Producer: Gina Delvac
Hosts: Aminatou Sow & Ann Friedman
Theme song: Call Your Girlfriend by Robyn
Composer: Carolyn Pennypacker Riggs.
Associate Producer: Jordan Bailey
Visual Creative Director: Kenesha Sneed
Merch Director: Caroline Knowles
Editorial Assistant: Laura Bertocci
Design Assistant: Brijae Morris
Ad sales: Midroll
Drinking: A Love Story by Caroline Knapp
Our favorite life hacks right now:
Resources for affordable therapy:
Ask your therapist about sliding scale pricing!
Tips for friendships across differences of race and/or gender:
If you’re a person of color, female, and/or trans, you don’t need to center someone else’s perspective, especially when a topic of discussion may touch on your identity or experiences.
If you’re white, male, and/or cisgender, don’t expect your friend to center or cater to your needs and perspective. Especially when your conversation touches an aspect of your friend’s identity.
The price of intimacy is listening, learning, and opening yourself up to making mistakes and hearing your friend’s perspective. Don’t rant in public, listen.
It’s perfectly okay for you to dislike Men™ and still love individual men.
It’s perfectly okay for you to dislike White People™ and still love individual white people.
It’s perfectly okay for others to dislike Men™ and engage with you, a man. However, no one ones you their attention.
It’s perfectly okay for others to dislike White People™ and engage with you, a white person. However, no one ones you their attention
TRANSCRIPT: DRUNK PATRIARCHY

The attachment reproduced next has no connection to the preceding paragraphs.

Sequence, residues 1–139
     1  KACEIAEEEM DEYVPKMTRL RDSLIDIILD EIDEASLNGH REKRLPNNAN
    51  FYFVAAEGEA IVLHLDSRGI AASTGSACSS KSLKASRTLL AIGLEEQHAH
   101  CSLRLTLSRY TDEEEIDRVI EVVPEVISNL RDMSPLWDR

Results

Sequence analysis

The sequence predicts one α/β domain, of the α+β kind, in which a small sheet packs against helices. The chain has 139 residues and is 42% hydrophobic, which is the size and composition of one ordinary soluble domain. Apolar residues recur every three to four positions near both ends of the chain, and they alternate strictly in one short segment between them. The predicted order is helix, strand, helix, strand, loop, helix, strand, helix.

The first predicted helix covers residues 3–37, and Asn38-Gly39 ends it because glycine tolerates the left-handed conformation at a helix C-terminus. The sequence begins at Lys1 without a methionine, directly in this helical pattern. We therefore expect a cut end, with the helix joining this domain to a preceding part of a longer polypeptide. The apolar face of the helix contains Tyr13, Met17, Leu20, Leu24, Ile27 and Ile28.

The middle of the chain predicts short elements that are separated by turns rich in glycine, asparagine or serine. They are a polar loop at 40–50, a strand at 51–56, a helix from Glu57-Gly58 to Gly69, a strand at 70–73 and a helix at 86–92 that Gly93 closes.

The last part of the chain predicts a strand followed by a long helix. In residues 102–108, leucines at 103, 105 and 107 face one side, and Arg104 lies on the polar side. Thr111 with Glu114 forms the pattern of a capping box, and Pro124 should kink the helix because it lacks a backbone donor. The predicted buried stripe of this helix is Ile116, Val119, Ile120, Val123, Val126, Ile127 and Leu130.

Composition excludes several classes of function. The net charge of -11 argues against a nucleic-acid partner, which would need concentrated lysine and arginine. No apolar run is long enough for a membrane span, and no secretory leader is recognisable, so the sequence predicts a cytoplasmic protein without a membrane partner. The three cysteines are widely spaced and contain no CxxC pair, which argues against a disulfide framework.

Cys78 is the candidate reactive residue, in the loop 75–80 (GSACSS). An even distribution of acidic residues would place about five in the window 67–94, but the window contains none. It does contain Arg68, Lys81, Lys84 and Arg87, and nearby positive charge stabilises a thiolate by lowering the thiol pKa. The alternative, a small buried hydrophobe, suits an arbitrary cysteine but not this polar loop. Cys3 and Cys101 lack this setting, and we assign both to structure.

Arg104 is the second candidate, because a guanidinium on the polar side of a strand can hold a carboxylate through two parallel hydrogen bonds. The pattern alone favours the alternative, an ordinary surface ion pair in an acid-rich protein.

[Ads] (0:15) Aminatou: Welcome to Call Your Girlfriend. Ann: A podcast for long-distance besties everywhere. Aminatou: I'm Aminatou Sow. Ann: And I'm Ann Friedman. Aminatou: Hi Ann Friedman! Ann: Hello! As we have discussed our brains have completely run dry as we put all our ideas into this book. Aminatou: Right. Right, right, right. But the great thing is that we asked for some questions from the listeners and in true great CYG listener fashion they delivered big time. [Theme Song] (1:17) Ann: Y'all are the best. Okay, let's play the first question. [Clip Starts] Sarah: Hi! My name is Sarah. I'm calling from Denver. I'm not a millennial, I'm 41. I just left an AA meeting. I went to AA a year ago. I went to AA 20 years ago. I think talking about drinking and I just finished Caroline Knapp's Drinking: A Love Affair or something like that and it's so my life, and how you can cross over an invisible line from being a drinker, heavy drinker, into actual alcoholism and what that means. What are the signs? And what should we be looking for? And talking with women. It gets us. I love Rose and Kim Crawford Sauvignon Blanc and was not someone who drank in the mornings but it fucking got me. That's what I think we need to be fucking talking about: how does that sort of fall in line with self-care and self-compassion? You know, all the things that we're trying to nip in the bud as kind of youthful and impossible, right? Right? Right? Bye. [Clip Ends] Aminatou: This is something that we -- I don't think we've ever devoted a full episode to but it's definitely something we have talked about here and there, correct? Ann: It is. And we certainly have for a long time -- like every time we have an annual retreat we make this big list of topics that we really want to devote episodes to and we get to maybe a quarter of those ideas. And I think drinking and drinking culture and sobriety and staying sober, all of that stuff has long shown up on that list and we -- so we're very interested; we just have not gotten to it for a full episode yet. Aminatou: Yeah. Talking about alcoholism and drinking culture generally is very important and talking about it specifically as it relates to people who identify as women is also really important because it presents differently, right? And so you had noted before our call, for example, that we used to . . . you know, we used to be really big on the show about drinking while we recorded. Ann: Back before we were professionals like we are today. [Laughs] Aminatou: Right. Now I know that that sound and having my equipment near wine, probably not a great idea. But we definitely drink wine when we do our live shows and it's part of the shtick of the whole thing. I think that for me personally a couple of things have happened. I've gotten older so drinking in social settings, not as exciting as it used to be because it does involve leaving the house which that's a huge barrier for me. [Laughter] LOL. But I also think I went at least to a college that had a very huge culture of just like very performative drinking which I think is probably most universities. And then I got older and things changed. (4:25) I do enjoy a drink at home or whatever but another thing that has happened is as I've gotten older a lot of my friends have gone into recovery programs. And that has been a very eye-opening experience for me because I realized I just didn't know anything really about alcoholism beyond some people have it and some people don't. And I think that watching people that you are very close to deal with it, it's . . . wow, I can't believe I was going to use the word sobering. Bad pun. Ann: [Laughs] Aminatou: It's just, you know, eye-opening is the word I'm going to use because I realize that the conditions for me to be somebody with a problem with alcohol are there. It's just that genetically it's not an issue that I have to deal with. Sometimes that's really the difference. It's not that I'm a healthy drinker; it's just truly that my genetic makeup makes it so that I don't have to deal with this. That was also something that I had to have a huge reckoning with. And I also just realized that there's something in our culture where so many of our activities are just tied up around drinking. In order to have fun with your coworkers we go to happy hour. When you go on a date you go to a bar. So much of life is just structured around booze in ways that sometimes don't make sense. That's just something that for me personally I've really been trying to deal with. So it's like one-half of it is how can I be a better friend to my friends who are in recovery? But also another part of it is truly just why am I around so much booze all the time? Because I don't feel like drinking all the time. (6:05) It's hard. It is like very -- it's a thing that if you told me at 23 I would've rolled my eyes about. And a decade-plus later I am really confronted with the fact I'm surrounded by alcohol and I'm somebody who socially I don't drink that much anymore. Ann: It's interesting this listener mentions Caroline Knapp's best-selling book Drinking: A Love Story because women in particular who I know who have decided to stop drinking have cited that book a lot as something that was key to a shift in their thinking. It's hard to separate for me sometimes a lot of what is aging, what is personal preference, what is shifts in my social milieu, that sort of thing. But I really like at the end of the day being able to ask the question of what is the effect this is having on my life? How is this making me feel? When am I deciding I want a drink? Because I think for me that's one of those things where I actually don't feel amazing if I want a drink because I've had a hard day for example, you know? Or like oh, this is because something really difficult's happening and I essentially want to numb out. I want to drink because it seems like it would taste delicious or because I am really loving some comradery, ritualistic, warm, posi feelings. That feels different to me too. And so I think some of what books like this are designed to do is to help you pick apart what is something you've just been conditioned to do, like when I go out with my friends we drink, for example, versus what do you really want to be doing? And what is it really bringing to your life, your pleasure, your social circle? (7:45) A couple of years ago there was this viral article that courts published about women and patriarchy and drinking. Let me see if I can find a paragraph to summarize. "There's no easy way to be a woman because as you may have noticed there's no acceptable way to be a woman. And if there's no acceptable way to be the thing you are maybe you drink a little, or a lot." So the thesis of this article is basically like it is really difficult to forge an identity and live a fully-realized life as a woman in a patriarchal society. Aminatou: What? Ann: And drinking is a coping mechanism/drinking to excess is something that happens because women are alienated in this particular way. That is sort of my high-level summary of this essay which we will link to. I am sort of like literally women are trying to cope with living under patriarchy. It's like you could apply that to any negative behavior or anything that's bad for you in the world. I mean part of me is like sure, I'm sure this plays into it for some women or it's some kind of factor. But it's I mean just how would you tell? You know what I mean? How do you know what's a result of living under patriarchy and what is genetic and what is your particular friend group? I mean these threads are impossible to separate in my mind. Aminatou: Right. You know, I just think that it's always interesting that women's drinking gets scrutinized in a very specific kind of way. I remember it was years ago, I think it was a New Republic article. Hold on, I might be lying. No, it was a Wall Street Journal article called The New Face of Risky Drinking is Female. There's always all these debates and they always -- you know, they percolate around campus sexual assault for example about the role of women drinking and how that -- you know, it creates conditions for assault essentially. Which is something that's really . . . it's like a very infuriating kind of trend piece to write because campus drinking is a problem for all students. It's not a particular problem that only affects women. And yet here's patriarchy trying to tell women that their drinking is a factor in why they are at risk for being assaulted on college campuses. That is a harmful statement and it's also ludicrous and it's very infuriating. (10:08) And so when I think about the ways we just talk about . . . the ways we talk about alcohol and women, to me that's actually what creates ripe conditions for women to feel change about not talking about how drinking is affecting them. Whether it's the question of like hey, I can't quite interrogate why I have a drink in my hand. Is it that I actually want to or is it the pressures of patriarchy? Or, you know, is it that I'm conditioned this way? Or, you know . . . Like I went through a phase where I realized most of my drinking was at home. I was very much Olivia Poping it. I would come home, hard day. No, truly. Ann: [Laughs] Yeah, yeah. Aminatou: I'd come home, very hard day at work. And it was when I started becoming a manager. And so it meant that you know what managing is, right? You coach everybody all day and then you go home and you have to do your own fucking work now. And so I would come home and I couldn't leave the house and I had all this work to do and I would just drink wine working at my computer all the time. And that's the thing that on TV is very much like look at this fancy thing. And then I realized that I was actually taking out my recycling really late at night because I didn't want my neighbors to see how much wine one person was consuming. And it took me months to admit that to myself. I was like oh, I am forever doing two bottles a night. Why am I doing this? I never got wasted at home. I woke up fine. You know, tolerance levels popping. But still I was like why am I -- why am I so ashamed about this? And that took me months to really come to terms with myself. And so whenever I see that on TV it really drives me crazy even though Olivia Pope's stemware is gorgeous. It is truly like . . . Ann: So is your stemware TBH. Having sipped from your glassware it is very gorgeous as well. (11:55) Aminatou: Thank you Ann. Thank you. I'm glad that everybody now knows that Olivia Pope is imitating me. I'm the real inspiration for Olivia Pope. But, you know, it's just I think about all these things where because you don't create conditions where you can just talk about it. You carry a lot of this like weirdo baggage. The other side of the alcohol conversation too is that it's very limiting in scope. So whenever people were like ugh, women and alcohol, I was like women aren't the only people who want to curb their alcohol drinking. Some religious people do not drink. Some people don't drink because they're expecting children. Some people don't drink for medical reasons. Some people don't -- you know, there's so much . . . Ann: Some people just don't like it. Yeah. Aminatou: Right, some people just don't like it. It's not like you have to have a problem with booze to not drink booze and yet we've created a culture where drinking alcohol is a . . . like it's a norm that if you don't adhere to something must be wrong with you. For me at least that's how I like to think about it. It really costs me nothing to accommodate people who do not drink and also I would like to be creative enough in my activities that they do not all have to revolve around booze. Ann: I was just about to say that I actually think that I still derive a lot of pleasure from meeting someone for a drink and I derive a lot of pleasure from the occasional drink at my house alone as well. Like I would not fully identify as Olivia Poping it. But I think for me just having a broader sphere of options for myself and with friends is where I've really settled at. So if you're in an exchange about making plans to do something offering one or two options out of three that don't involve drinking. And then the other person doesn't have to be like "No, I don't want to meet for a drink because XYZ." Like you don't know what's going on with them. They can just choose the non-drinking option, and I am always fine with that too. Aminatou: Right. (13:45) Ann: Like if someone is my friend I can definitely hang out with them sober because the presumption is I like their company. And I think that's part of it too is oh, if I have to be drinking with this person does that mean I really like them enough to be hanging out with them? And the answer is no. Aminatou: I know. Ann: If you need booze to lubricate a friendship, hmm, I don't know. Consider the friendship. Aminatou: Judge Amina says "Next case!" Ann: [Laughs] Gavel bang. Aminatou: Bang. Ann: Okay, let's take a little break then we'll listen to the next voicemail. [Ads] (16:28) Ann: Let's listen to the next voicemail. [Clip Starts] Beth: Hi Team CYG, this is Beth Pickins, long time, first time. And I have a question for Ann and Amina and everybody behind-the-scenes for a potential future episode. And that is -- so a thing I love about Call Your Girlfriend is I get a lot of information about people and experiences and ideas, a lot of critical thinking, and tips for living which I really appreciate. Tips for money management, business, friendship, travel, work, I love that stuff. So a question I have for an upcoming episode is can you all think of some of your favorite tips for any part of living? What's really working for you now? What have you learned recently or what have people told you "Hey, that's really smart when you do that thing?" I've gotten so many of those from CYG and I'd love to know more. Thank you. [Clip Ends] Ann: Ugh, Beth Pickins. Aminatou: Beth Pickins, love this lady. Ann: I also love the emotional low-stakes of this question. Thank you Beth for hearing the subtext of our call for prompts and questions. [Laughs] Do you have a top life hack that you want to share? Aminatou: I have many life hacks but they're all very specific to me. One that is making my life very happy right now, and this is not an ad at all, and I'm sure that there are many services who do something like this, but I've been using this app called Digit. It examines the way you spend money in your bank account then it just helps you put a couple dollars away every day. You know, it's like money that you won't miss. They're usually like well, if you spend like 25 dollars every day, the day that you spend 16 dollars, they'll put the nine dollars -- they'll suck it away for you. (18:10) The reason that I love this is because you know how I feel about automation. When it's replacing jobs I don't like it. But when it's replacing tasks that I have to do myself manually I love it. This is how I've been able to go on vacation basically the last like two years where I just look at this weirdo rainy day bank account, and it's not parts of my regular savings or parts of how I do retirement or whatever. It's just this is truly what my play money is. And every year I've been able to go on one really nice vacation from this thing that the computer does for me so that makes me really happy. Ann: I love that. I think I signed up for Digit but I was intimidated by the automation aspect of it. I was like oh, I can handle telling an app to sock away a dollar a day for me or whatever but I am scared to have it analyze my bank account. And also my spending is spread across different accounts and credit cards and I was just like I don't know. I downloaded it and then got scared and never used it. That was my Digit story. Aminatou: That's why I'm telling you this is not an ad. I'm pretty sure there are many apps that do something like this. And also from a privacy standpoint it's probably not great to give an app access to your bank account. Ann: Right. Aminatou: But I just use the account that I do most of my everyday spending on and then it's fine. Ann: Got it. Okay, well let me tell you what's been a life-changing thing for me lately is actually using the screen time settings on my iPhone which allow you to set -- you can essentially group apps together. So whatever apps are your vice you can group them together and then declare a daily maximum number of minutes or hours. So I have Twitter and Instagram grouped together and I'm like I want an hour max across both of these apps every day. (19:55) And the great thing is Instagram also has an in-app one that will tell you you've been on this app for 30 minutes or whatever. But the iPhone settings screen time thing will, once you've hit an hour, just fully white-out the screen and say you've reached a limit. And then every time you go try to re-open the app which, you know, I'm hitting that hamster feed me pellet button so often, every time I go to click it it's grayed out with a little timer next to it so I know I've already hit my limit. And it actually is very effective for me in not letting me go back in after I've spent my hour. And I think that that . . . also when the thing pops up sometimes I really realize what I'm actually doing. I'll be like I am doing what on this app? How many clicks deep am I on something I don't even care about? And so that's the other thing I really enjoy about it. It's not like a little popup notification. The whole screen whites out and interrupts whatever cycle is happening in my brain and I appreciate it greatly. So god bless if you have an Android, good luck. I will link to the iPhone one. It has changed my life. Aminatou: What's another good life hack? Obviously getting a library card so you can listen to free audio books. That's my number one way I've saved money this year. Ann: Libby! Aminatou: Libby app forever. Another good life hack is you should always kind of shake the ATM card slot before you put in your money so you know the credit card machine is not . . . it's not a skimmer. That's a thing. Ann: Wait, what? Aminatou: What? That's a thing a banker friend told me and it's been amazing. Do you not do this? Ann: I don't know what you're talking about. Aminatou: So a lot of ATM machines are really shady. Before you blindly put your card into the ATM card you should shake it to see -- the reader -- to see that there's not a credit card machine skimmer on it. Ann: Whoa. (21:44) Aminatou: Do that one. And you know my favorite money saving life hack that I only do at LAX because I think LAX is the airport that I go to that frustrates me the most weirdly is how I refuse to call an Uber or take a cab from the airport. I just hop on one of -- because it's always . . . for some reason I notice how expensive it is in LA. But I always take one of the hotel buses to a nearby hotel and then call the car from there. Ann: I love that. Aminatou: And it's always been -- that's been a savings in an order of magnitude of many, many dollars. So it's probably low-key inconvenient but it's my favorite thing that I do at LAX. Ann: Okay, what else do I have? My list is a thing I've done for a long time that really helps me as an extrovert who wants to do all of the things with all of the people all of the time, I have one or two nights per week on my calendar where I'm just holding them, like I'm not allowed to schedule something social on top of it, and that way essentially I protect it so I don't get to the end of the week and I'm doing too many things. And I'm allowed to move them. It recurs on the same date every week but I can -- you know, if I want to make plans on that Thursday I can move it, my whole date, my stay at home night, to Monday. The point is to make sure I'm also getting the time I need in my home. And that's one of those things that's like it's not an app. It's not really that much of a trick. But for me my whole brain lives in my schedule and so protecting things that I want to protect, using the schedule as a tool, is generally something I have gotten more and more dependent on. Aminatou: Perfect. Ann: And I have one last little one and this is an extremely non-digital . . . you know I am someone who loves snail mail and written correspondence. And honestly just keeping a Google spreadsheet of my friends' mailing addresses, so if they send you that wedding invitation or that thank you card or whatever, making note of their physical address so that I have one place to go and look to send them something is something I love. I mean the digital address book that's just like -- it's a spreadsheet, it's low-tech, but I find that to be really great. And then you don't have to always send the email to friends that's like "What's your address?" when you actually want to do something nice or send something. (24:00) And it really comes in handy when friends are going through something difficult like if someone close to them dies or they have a health issue. You don't have to bug them and be like "Where do I send you a thing that I'm supposed to -- that I'm trying to show you support and solidarity with?" You can just have the address setup and send it. That is my old-fashioned Mrs. Manners correspondence advice. Put it in a Google doc. [Ads] (26:00) Aminatou: Let's take another question. [Clip Starts] Jessica: Hi, my name is Jessica and I live in Las Vegas, Nevada. I am calling with a question for Ann and Aminatou. I would love to hear their thoughts on the accessibility and affordability of therapy whether it's for depression or personal issues, just what they think about that. Thank you! [Clip Ends] Aminatou: Oh man. This question definitely near and dear to my heart and I think that I can speak for both of us when I say that our thoughts about accessibility and affordability for therapy is that yes, therapy should be more accessible. In fact to everyone. And it should be more affordable. If you've even started the process of looking for this kind of help you know how overwhelming it is. So that's the top level like yes, somebody should run for president and make mental health affordability and accessibility like a big platform. Ann: Ugh, the free therapy ticket. I would vote for that so fast. Aminatou: I would vote for free therapy ticket. Oh my god, it's very, very necessary. Because the thing is most people start looking for therapy and counseling when they're going through something very, very big. And like any kind of doctor when you're looking for a specialist when you're going through it is the time you're not super excited to do that. Ann: Right. When you have like the lowest level of -- I mean speaking for myself, of capability or bandwidth to be doing that is like . . . is the exact point in time when you're like ugh, I wish I had done this a year ago or two years ago. Aminatou: Right. And so just to say we are not doctors here so we don't have specific advice about how you can find the right kind of therapist for the treatment that you need to be in and how long your treatment is or whatever. But generally for me as somebody who interfaces a lot with these kinds of counseling services I will say that there are a couple things that you can do to figure it out. And you should probably try to do them when you have some time, a.k.a. when you're not in crisis. (28:10) So the first thing that I would say is if you have health insurance, if you're one of those lucky people who has health insurance, you should find out from your health insurance what your options are. Because even some very shitty insurance plans have a couple of options for people that you can talk to and you should have that list on you. So if you have health insurance some of these places like your copay will take care of it for example. The other thing that I will say is if you find a therapist, even if they're not in your network or you don't have insurance or whatever, you should just straight-up ask them if they have a sliding scale. So sliding scale therapists are basically -- they're like psychologists or social workers who they will adjust their hourly fee to make the therapy more affordable to you. So that's something that's always available to you and you should 100% ask for it. And there are a ton of -- not a ton but there are some directories where you can find this stuff out. So I think Psychology Today has one and goodtherapy.org are two online that people talk about. But I also think that this is where the friend network really comes into play. Ann: Yes. Aminatou: And this is why not having shame about talking about therapy is so important is that, you know, probably the best therapy recs you'll get will come from your own network, not from some like, you know, therapy magazine on the Internet. So that's something to think about. There are also some believe it or not free or low-income mental health services and those are usually community clinics and, you know, they're also mental health professionals who just offer a bunch of services. So I think -- I know that you could definitely in the Obama era go to mentalhealth.org and the National Alliance on Mental Illness, NAMI, are also places that you can look to find this kind of stuff in your community. (30:14) There are also therapy apps. I have personally not used one so I cannot speak to them but I know that for some people it's really that's a lifeline that they have that wouldn't be available to them otherwise. And they're also like -- there are crisis and suicide prevention hot lines, right, that you can also avail yourself of depending on what your crisis is. So all this to say there's not one great solution but I will say that probably being a little vulnerable and talking to your friends about it is super important because I guarantee you that you know someone who goes to therapy or someone who knows someone who goes to therapy. And one of those people will have the key for what is the best way to figure it out? So this isn't to punt and say like "Personal responsibility over the fact that our healthcare system is really shitty." But I think that generally you don't know what your options are or whether therapy is affordable to you or not if you don't actually look into it, so you should probably look into it. Ann: Yeah. And I think also -- I mean this is essentially what you're saying is yes, sometimes it is inaccessible and unaffordable but also sometimes accessibility or affordability is an excuse to not pursue it or a way to kind of say I'm not going to take charge of this part of my life because I feel stretched financially already. And the answer is it is expensive and also it's something that there are options if you want to prioritize it. So it's asking that question of how much of this is based on information I have about the options available to me and how much of it is me kicking this difficult task down the road a little bit further? I think that's the real talk difficult question. (32:00) Aminatou: Next question. Ann: [Laughs] Moving on. Check, check, check. I love that we are definitively solving everyone's problems. I always feel . . . Aminatou: Yes, that's us. That's us solving problems. Ann: I always feel so sheepish about these mail bag episodes for that reason, just like uh . . . Aminatou: I'm always like my life is on fire. I'm not here to give anybody advice. That's crazy. Ann: That's why I -- I'm just generally more comfortable thinking about these as prompts of stuff to talk about rather than questions that we are definitively answering because I'm just like we don't know. [Laughs] Yeah. Aminatou: I don't know anything. Ann: Exactly. Okay, that said, let's listen to one more voice mail. [Clip Starts] Allie: Hi, this is Allie. I'm calling from Columbus, Ohio post-Brett Kavanaugh, Christine Blasey Ford thing. When that happened I just didn't want to talk to any guys, friends, romantic interests or otherwise. I feel like I need to have more conversations about how to get over that and become friends with men again and not be so annoyed with them all the time and try to forgive them. Because they are, you know, 50% of the population. Thanks. [Clip Ends] Ann: Okay, wow, a thing we almost never talk about: men. And rightfully so. What I think is interesting about this is it doesn't feel like a new question post-MeToo or post-Kavanaugh hearings or anything like that. I just feel like there are always going to be things that maybe make me feel distant from or not fully seen by some of the men in my life and especially in the past few years there have been some, I don't know, more prominent or extreme things in the news that have forced some of those divides out into the open in terms of conversations with friends. (34:05) For me one of the big questions I ask myself is not like do these men in my life fully understand and appreciate every aspect of my experience as a woman and more like are they willing to be in conversation with me about it? And I don't think that means I'm always there to help edify them about my experience in the world but it is very important to me that if we experience something differently or we are reacting differently to something in the news or if something dramatic happened IRL in our friend group and it bothered me but it didn't seem to bother them that I feel like my friendship with them is a space where I can mention that and we can talk about it. And it's not just something that I hold on my own and feel like maybe it wasn't that big of a deal. Like for me that's the bar. The bar is not expecting that men are going to get it all the time. The bar is can I talk about it if I feel like I want to with them? And does that conversation feel productive? How are they engaging with me? That is for me one baseline way of thinking about these divides. I don't know. How do you approach your friendships with men when it comes to this kind of shared experience or non-shared experience divide? Aminatou: I think generally I approach my friendships with men in the same way I approach my friendships with people who are not people of color in that yes, those friendships do happen and some of them are really meaningful to me. I refuse to center my experience around their identity, you know what I mean? So -- because when I hear questions like this a lot of times . . . and it's interesting, I always hear questions like this from women. Like I don't have any experience of, you know, reading something really deep or hearing from men (TM) in general that they're like "Oh, in this post-MeToo world does anybody want to be my friend?" [Laughter] You know, I'm not really hearing that kind of introspection from the men in general. So I think that my approach to it is, you know, my experience is not here to be an a-ha moment or a teacher to anyone. I think about my relationships with men specifically as the relationships with men that I already know, not of men in general. (36:20) Ann: Right, specific men, not men (TM). Yeah. Aminatou: Right. It's not like -- I don't care about men (TM) but I don't care about a lot of people (TM), you know what I mean? Ann: Right. Aminatou: I don't think . . . like yeah, I was like that's not my responsibility or my job. But I think that for the men who are in my life who I actually consider friends or family or more than friends they're the ones that have huge bars to clear, right? I was like well it's just like you approach every other friendship. I was like can we be fully realized in this relationship? Or can we talk about things that are hard and things that are not hard? And also does the friendship fully -- does it just revolve around you or a part of your identity? And if the answer is yes then it's probably not a real friendship. The dudes in my life, I'm generally happy. I'm happy about how we talk about these things. But yeah, do better all the time. Ann: Yeah. And I think it's interesting that this question comes with this implication that there is inherent value to having men in your life, right? There's the sort of I need to get over all these feelings I'm having about men (TM) in order to have healthier relationships with the men in my life. And my feeling about that is if the feeling is obligation what does that say about the men who are already in your life? Like if you're feeling like oh, god, I've really got to steel myself to work really hard to be in this friendship what you say is so true in terms of centering. It's how are you both showing up equally? And how does that look differently for them than it does for you? And it's probably going to look differently, right? It's not like they get to just ignore the fact that you might be feeling not super excited about spending time with men when all you do is read articles about the bad shit men have done. It might be on them to say oh, let's talk about this or initiate a conversation about how they are also thinking about these issues. (38:20) Because, you know, for me that is a bar. I want to know that the things that are important to me -- like with most friends -- are also on a core level something that they're thinking about or that is important to them. And if it's not, fine. It doesn't mean that person has to be centered in my life at that moment either. I mean that's the other thing I think about this framing of obligation and the question is honestly it's okay based on something that you are feeling or going through to not invest as much in your friendships with men during that period. And if they notice your absence and want to raise it with you and are able to handle a real conversation about it then you get to make the next choice. But I don't think that there's some inherent reason that you need to prioritize their feelings or prioritize those friendships if they are not already there and not already feeding you. Like the objective good of get some men in your life is . . . I don't really see it. Aminatou: That is not advice I would give anyone. [Laughs] Ann: Exactly. Exactly. So I think I'm just reacting almost tonally to that sense of, you know, they're 50% of the population. I should probably make sure that they're integrated in my life in frankly intimate ways, right? Or that they are close to me. And I'm just like you know, if that's the feeling we all . . . Aminatou: But that's also my point of are they asking themselves that? Ann: Exactly. Aminatou: And if not, hmm, you know? And also why are you asking yourself that? And I think that is some very deep lady-gendered stuff. And even the frame around MeToo. I know that MeToo is a huge, big, explosive conversation that we're having but I would say -- and I'm not saying this to be flippant -- but I would say that a lot of women, if not most women, know about the issue of sexual violence outside of MeToo. Like MeToo is not how we . . . that was not like a ding, ding, ding, welcome to men and women. Ann: Right. If anything we're surprised. (40:20) Aminatou: Here's a thing that's different. Right. Ann: If anything we're surprised some men are actually paying attention to it at this point. Aminatou: Right. Like the conversation of MeToo for me honestly is a conversation about scale. It's not a conversation about discovering something for the first time, right? And not even just about scale. It's a conversation where it's like oh, this is the first time that -- all MeToo really is is women whispering to other women that the same thing happened to them. It's not some kind of witchcraft convention we're having where we're making plans to . . . Ann: Well it's also headlines taking that seriously. Aminatou: Right. Ann: It's like external sources taking that seriously too. Aminatou: I would say that the reason that feels differently to me, and it's the reason I brought up having friends of other races, is that's a dynamic that I feel very acutely in I would say the last couple of years of police violence against black people being in the headlines. And really feeling for my white friends that yes, probably they're discovering something for the first time or here is a news thing that, you know, is dominating a lot of conversations that your other friends are having. So again you don't get to be a center of that part of the conversation and your realizing that something is different for you also doesn't get to be the center of the conversation. Ann: Yeah. And it's interesting hearing you talk about that parallel too because one thing that I think about when it comes to men in MeToo is I'm just like you can take all of your status updates and shelf them because I actually -- I don't care a ton about what you're saying publicly about what needs to happen and things like that. The way that you show me that you're a man who is worthy of my attention and friendship is that like I can feel some level of confidence that these are issues that you're engaging in when I'm not present, that there are things that you care about when I'm not forcing the issue or the headlines aren't forcing the issue, and feeling some degree of security about that for me at least only comes from things I pick up on in the conversations that we have together about this stuff. (42:20) Because the thing is if you're actually thinking about this being able to say like ugh, listen to this conversation I had with three other men at work this week that relates to this or whatever. Like because that is front-of-mind for you and you just want to talk about it, like to me I have more confidence then that oh, I can come to you with my feelings about something fucked up happening in my own workplace or in my own career because I can see that this is something you care about when I'm not waving it in front of your face. And it's just like it's a very hard thing to articulate that sense of where do I feel comfortable? Or what bar has been met? And I think it's different for everyone. But I also think that that is the price of intimacy, being able to sort of assure the person when there is this external structural privilege differential that you are aware of that and you are thinking about it and you are centering the experience of your friend. Aminatou: Well said. Whew. Ann: All right. I want to thank everyone who sent in questions and prompts and if you want to send one for an upcoming mail bag episode, because let's be real we will probably need to do this again as our book brains fail to come up with episode topics on our own, you can leave a voicemail at 714-681-2943. Aminatou: That's 714-681-CYGF. Ann: Yes! Aminatou: You can find us so many places on the Internet: callyourgirlfriend.com, Apple Podcasts, Spotify, Stitcher, you name it. Wherever you listen to your favorite podcasts. You can subscribe, leave us a rating or a review, and tell all your friends. We're on Instagram and Twitter at @callyrgf. Sophie Carter-Kahn runs our social accounts. Our theme song is by Robyn, original music composed by Carolyn Pennypacker Riggs. Our logos are by Kenesha Sneed and this podcast is produced by the amazing Gina Delvac. I'll see you inside the Google Doc. Ann: See you in the Google Doc. Aminatou: Bye boo-boo. Ann: Bye.